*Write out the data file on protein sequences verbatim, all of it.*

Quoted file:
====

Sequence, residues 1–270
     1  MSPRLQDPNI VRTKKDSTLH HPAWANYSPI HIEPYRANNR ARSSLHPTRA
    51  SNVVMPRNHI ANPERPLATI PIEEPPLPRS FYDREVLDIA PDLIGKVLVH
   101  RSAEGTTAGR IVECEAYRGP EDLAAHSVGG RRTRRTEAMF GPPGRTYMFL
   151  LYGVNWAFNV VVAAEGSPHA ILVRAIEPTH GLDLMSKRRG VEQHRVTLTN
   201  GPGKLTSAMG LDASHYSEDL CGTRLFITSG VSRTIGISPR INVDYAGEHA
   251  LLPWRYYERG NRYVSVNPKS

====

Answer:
Sequence, residues 1–270
     1  MSPRLQDPNI VRTKKDSTLH HPAWANYSPI HIEPYRANNR ARSSLHPTRA
    51  SNVVMPRNHI ANPERPLATI PIEEPPLPRS FYDREVLDIA PDLIGKVLVH
   101  RSAEGTTAGR IVECEAYRGP EDLAAHSVGG RRTRRTEAMF GPPGRTYMFL
   151  LYGVNWAFNV VVAAEGSPHA ILVRAIEPTH GLDLMSKRRG VEQHRVTLTN
   201  GPGKLTSAMG LDASHYSEDL CGTRLFITSG VSRTIGISPR INVDYAGEHA
   251  LLPWRYYERG NRYVSVNPKS